Alw. I have been such; Ray. By all the joys, the nameless joys, that on And to be such was my most dear inclining: The precious hour of soft compliance wait, Smit with the love, even from my greenest youth, I will requite thee nobly. Say—for much Of honest arms. Some share of fame I too My wonder's moved-how hast thou found AchievedBut ill the soldier it beseems Such grace? How wrought this change, thus sud. To trumpet his own praises. den- thus

Ray. Cease not so. Unhoped, from her late bearing?

Though in the school of war untutored, much Grey. Uncertain is the sex-but that imports It pleaseth me to hear the brave man's labours. not.

Alw. None but have heard bow some time It now remains, that proof, such proof be sought

since was sent Of Salisbury's fate, as, by minute detail

To claim of Lewis certain lands usurped, Of circumstances, shall with the lady gain

A puissant forcePrompt credence. Hear what I have devised, if | Ray. Were you therein employed? you

Alw. Beneath the royal banner I enrolled, Approve

As was my bent, in quest of fame.

Ray. Indeed!
Enter a Knight.

Lord Salisbury then, perchance; of thee was
Knt. My lord, two strangers I have brought, known?
Within the precincts of the castle found.

Alw. I knew him well; our liege's near ally, Ray. Say'st thou two strangers ? of what And second to duke Richard in command. quality?

Fast by his side was my allotted post Knt. With' me they were of speech not over- | Upon the marshalled field : by binn I fought, prompt;

For him had died.
But, by their outward guise, they would seem men Ray. Of him fame loudly speaks,
As with some pious purpose charged. Severe That in those wars he was a gallant man.
The younger seems, but of excelling form ;

Alw. He was not wont, while others brávely And wishes to recruit his wearied limbs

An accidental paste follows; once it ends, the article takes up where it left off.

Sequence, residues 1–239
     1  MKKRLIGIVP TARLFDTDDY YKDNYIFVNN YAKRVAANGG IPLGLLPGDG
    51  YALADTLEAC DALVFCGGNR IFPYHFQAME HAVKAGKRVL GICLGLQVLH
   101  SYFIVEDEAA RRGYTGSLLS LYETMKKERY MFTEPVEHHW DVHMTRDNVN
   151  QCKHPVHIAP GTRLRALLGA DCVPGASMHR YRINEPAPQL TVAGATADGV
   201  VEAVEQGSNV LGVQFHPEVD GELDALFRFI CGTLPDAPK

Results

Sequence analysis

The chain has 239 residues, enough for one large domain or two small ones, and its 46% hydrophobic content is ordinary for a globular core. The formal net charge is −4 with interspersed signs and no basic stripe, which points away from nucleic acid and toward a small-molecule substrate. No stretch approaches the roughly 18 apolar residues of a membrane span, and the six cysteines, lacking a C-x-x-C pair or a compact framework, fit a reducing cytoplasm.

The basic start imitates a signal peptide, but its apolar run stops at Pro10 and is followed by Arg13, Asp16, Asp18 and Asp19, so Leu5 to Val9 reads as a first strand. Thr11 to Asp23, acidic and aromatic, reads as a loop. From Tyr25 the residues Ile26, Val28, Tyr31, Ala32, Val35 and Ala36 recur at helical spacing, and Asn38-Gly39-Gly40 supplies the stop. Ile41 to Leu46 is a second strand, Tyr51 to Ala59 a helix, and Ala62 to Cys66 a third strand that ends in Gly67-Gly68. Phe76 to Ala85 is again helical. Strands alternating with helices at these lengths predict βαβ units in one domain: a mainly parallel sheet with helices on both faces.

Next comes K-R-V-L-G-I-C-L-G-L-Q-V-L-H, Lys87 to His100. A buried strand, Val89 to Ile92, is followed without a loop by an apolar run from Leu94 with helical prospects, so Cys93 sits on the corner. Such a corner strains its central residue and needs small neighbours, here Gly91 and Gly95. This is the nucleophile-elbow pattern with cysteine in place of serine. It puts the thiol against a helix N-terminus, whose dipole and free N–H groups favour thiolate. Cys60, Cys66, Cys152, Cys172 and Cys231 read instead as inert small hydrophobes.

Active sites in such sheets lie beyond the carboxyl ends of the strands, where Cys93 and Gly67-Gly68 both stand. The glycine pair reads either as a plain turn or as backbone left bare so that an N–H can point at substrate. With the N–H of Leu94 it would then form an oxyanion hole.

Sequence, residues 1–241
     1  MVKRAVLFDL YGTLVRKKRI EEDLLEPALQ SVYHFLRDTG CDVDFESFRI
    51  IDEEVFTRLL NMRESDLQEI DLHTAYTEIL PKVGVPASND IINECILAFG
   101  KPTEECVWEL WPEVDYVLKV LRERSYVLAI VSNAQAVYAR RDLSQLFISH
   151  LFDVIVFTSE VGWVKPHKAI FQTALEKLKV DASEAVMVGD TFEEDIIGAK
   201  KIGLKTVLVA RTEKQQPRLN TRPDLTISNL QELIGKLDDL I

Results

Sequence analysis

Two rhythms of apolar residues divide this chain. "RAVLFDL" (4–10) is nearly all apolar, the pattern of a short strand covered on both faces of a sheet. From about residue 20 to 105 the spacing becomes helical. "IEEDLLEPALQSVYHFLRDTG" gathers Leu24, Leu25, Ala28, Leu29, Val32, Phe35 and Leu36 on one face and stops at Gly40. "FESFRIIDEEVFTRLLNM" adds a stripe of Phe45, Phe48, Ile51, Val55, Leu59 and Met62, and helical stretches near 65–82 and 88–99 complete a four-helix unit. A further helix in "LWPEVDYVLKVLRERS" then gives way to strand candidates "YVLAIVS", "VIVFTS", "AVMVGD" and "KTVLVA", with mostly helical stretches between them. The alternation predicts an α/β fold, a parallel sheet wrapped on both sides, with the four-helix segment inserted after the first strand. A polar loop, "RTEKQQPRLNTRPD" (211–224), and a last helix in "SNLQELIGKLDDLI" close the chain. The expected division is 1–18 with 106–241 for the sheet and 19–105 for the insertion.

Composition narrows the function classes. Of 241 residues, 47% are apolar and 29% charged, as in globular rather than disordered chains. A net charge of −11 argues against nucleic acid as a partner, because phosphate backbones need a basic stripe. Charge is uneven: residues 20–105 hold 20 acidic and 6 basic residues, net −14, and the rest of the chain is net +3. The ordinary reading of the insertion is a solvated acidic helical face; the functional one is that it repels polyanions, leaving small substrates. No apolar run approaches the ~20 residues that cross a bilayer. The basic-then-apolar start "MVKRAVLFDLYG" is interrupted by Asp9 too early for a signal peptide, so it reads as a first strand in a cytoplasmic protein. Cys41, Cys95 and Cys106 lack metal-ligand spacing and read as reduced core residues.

fought, Beneath the friendly covert of this roof.

To look inactive on. Ray. Conduct them to our presence. (Erit. Ler. A foe like him Knight. I were loth

France never knew, of all that warrior host, The weary traveller to dismiss my gates, . Which, like an inundation, England poured Inhospitably rude; yet none I wish,

On her affrighted shoresWhile we are yet suspended at the nod.

Ray. But what Of peevish and uncertain chance, approach Have proved his latter fortumes I should wish These walls.

To learn-Say, courteous stranger, if thou can'st,

Of this renowned lord : a rumour bath
Re-enter Knight, with Strangers.

Long since prevailed, that he on Gallia's coast Whence, and what are you?

Was wrecked with all his crew. 1st Stran. What we are,

Alw. What cause there was These weeds, though we were silent; might un Of such report, alas! these eyes have seen;

How true in part it is, too sure this tongue
Alwin I am called, my fellow-traveller

Can testify.
Leroches. Our way was bent for Canterbury, Ray. I pray you, let us hear.
With purpose of a pious vow: o'ertaken

Alw. O'ercharged with human prey, fell war By weariness from travel, and desire

had ceased Of food, we journeyed hitherward, in hope To walk his wasteful round; well pleased we The lord of these fair turrets, first descried

turn At close of evening, might befriend our toils. Us from the blood-stained field; exulting each